|I Snapped and Instragram ‘storied’ the night away….|
The set list rolled magically; At the Hundredth Meridian, In a World Possessed, Fiddler’s Green (don’t even get me started), Something On, Bobcaygeon, Boots or Hearts, and Nautical Disaster. Each metallic suit after another sparked electricity in his loyal fans. People in the hallway and in the aisles smiled at you and actually made eye contact as you passed them by. This building was bursting with love and respect. The building roared with respect as Mr. Downie rallied for our Prime Minister who was in attendance. Despite anyone’s political agenda or preference, everyone was kind to one another. Realistically, you know that not everyone in that building voted Liberal, but it was quite amazing to see that listening to someone’s platform can be eye opening, worthy and respectful. It’s true, the world needs more Canada. The world needs more Hip. Screw you Cancer.
Then came the most emotional moment of the whole concert. Scared. Gord, although a beacon, a superstar, a poet, an advocate, a Canadian hero, he proved that he was….human. It was riveting and painful to watch this man become so raw and vulnerable with all of us. I have no words to adequately describe or paint this picture for you. I’m sorry. Over 12 million Canadians watched on CBC’s live broadcast but it was such an intimate and naked moment. I’ll never forget it.
|Raw, Unbridled, Vulnerable, Angered, Scared….Loved.|
Encore after encore, they crushed it. Gord gave it his all; Having to be assisted off the stage after each one. Glorious instrumentals and solos from Gordon, Paul, Rob, and Johnny unified these musicians and teased the audience with intros to their favourite songs about to be played. They swapped guitars and drum sets in and out, peaking our interest of what hit they would delight us with next. The audience buzzed and rallied after each encore finished, begging him to come out just one more time. And he did. The guitar strings strummed a song that I knew would be the closer. The moment I didn’t want to come, yet I begged to hear just this last song that completed the commentary to my upbringing with this band. Ahead by a Century. I rocked out as hard as I could, fighting back every tear then finally giving up and taking Gord’s lead in that there is greater power and release with being vulnerable. Perhaps the name of the band in quite ironic, in that it was a tragically hip concert. It was the greatest music being celebrated but in also the most tragic way. To think that we will all lose this man is tragic, but dammit he did make it the hippest, coolest, most inspiring concert I’ve ever, ever seen.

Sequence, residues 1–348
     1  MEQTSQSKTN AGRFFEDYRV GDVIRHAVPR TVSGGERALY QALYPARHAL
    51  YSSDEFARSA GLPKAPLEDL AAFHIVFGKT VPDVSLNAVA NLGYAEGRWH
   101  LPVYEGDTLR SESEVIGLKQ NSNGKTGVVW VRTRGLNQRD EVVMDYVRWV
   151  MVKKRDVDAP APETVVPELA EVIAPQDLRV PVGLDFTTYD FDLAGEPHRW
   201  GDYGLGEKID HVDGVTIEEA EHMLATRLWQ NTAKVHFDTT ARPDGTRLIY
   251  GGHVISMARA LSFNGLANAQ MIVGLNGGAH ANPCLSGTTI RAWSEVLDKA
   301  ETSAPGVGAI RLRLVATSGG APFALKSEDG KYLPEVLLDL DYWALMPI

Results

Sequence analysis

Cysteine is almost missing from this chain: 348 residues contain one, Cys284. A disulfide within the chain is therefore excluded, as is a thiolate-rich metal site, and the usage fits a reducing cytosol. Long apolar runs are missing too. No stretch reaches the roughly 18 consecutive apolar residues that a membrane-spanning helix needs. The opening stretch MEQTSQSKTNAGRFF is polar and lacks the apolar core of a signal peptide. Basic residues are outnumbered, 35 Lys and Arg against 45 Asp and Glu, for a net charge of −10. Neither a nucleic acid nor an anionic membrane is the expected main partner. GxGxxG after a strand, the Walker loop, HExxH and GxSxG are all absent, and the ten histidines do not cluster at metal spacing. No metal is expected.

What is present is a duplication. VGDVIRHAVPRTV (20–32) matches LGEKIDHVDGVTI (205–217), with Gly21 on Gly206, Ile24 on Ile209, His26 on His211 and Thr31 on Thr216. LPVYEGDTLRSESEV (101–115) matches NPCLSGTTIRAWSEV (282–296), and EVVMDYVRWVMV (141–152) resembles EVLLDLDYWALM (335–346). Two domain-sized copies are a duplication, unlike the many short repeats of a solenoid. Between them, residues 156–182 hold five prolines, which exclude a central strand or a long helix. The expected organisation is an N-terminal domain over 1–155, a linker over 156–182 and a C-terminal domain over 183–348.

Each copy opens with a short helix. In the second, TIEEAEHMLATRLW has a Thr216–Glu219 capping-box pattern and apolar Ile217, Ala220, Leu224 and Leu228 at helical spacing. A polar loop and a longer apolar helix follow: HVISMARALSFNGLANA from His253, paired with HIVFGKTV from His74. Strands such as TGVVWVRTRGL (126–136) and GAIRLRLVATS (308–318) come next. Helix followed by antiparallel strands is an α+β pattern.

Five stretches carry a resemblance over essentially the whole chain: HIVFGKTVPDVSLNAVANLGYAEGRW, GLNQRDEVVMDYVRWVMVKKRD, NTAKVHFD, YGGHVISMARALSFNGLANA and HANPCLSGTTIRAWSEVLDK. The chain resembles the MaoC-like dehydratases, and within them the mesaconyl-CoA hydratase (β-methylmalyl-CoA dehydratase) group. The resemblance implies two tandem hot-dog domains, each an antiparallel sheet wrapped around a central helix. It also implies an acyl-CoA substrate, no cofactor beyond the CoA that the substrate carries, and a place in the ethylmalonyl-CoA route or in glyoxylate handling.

It was a tribute. It was the perfect musical journey. A musical interlude of my adolscence, a poetic catapult of my teenage years, the score of my soul, and the soundtrack of my being. Words can’t express how I truly felt, but I hope Gord knows what he did that night. Two nights ago I witnessed history. I am so proud to be Canadian. We love you Gord.
In Gord We Trust.
Please Donate to the Gord Downie Fund for Brain Cancer Research. Awareness begins with you. No dress rehearsal….
|The Coolest band that ever was and is.|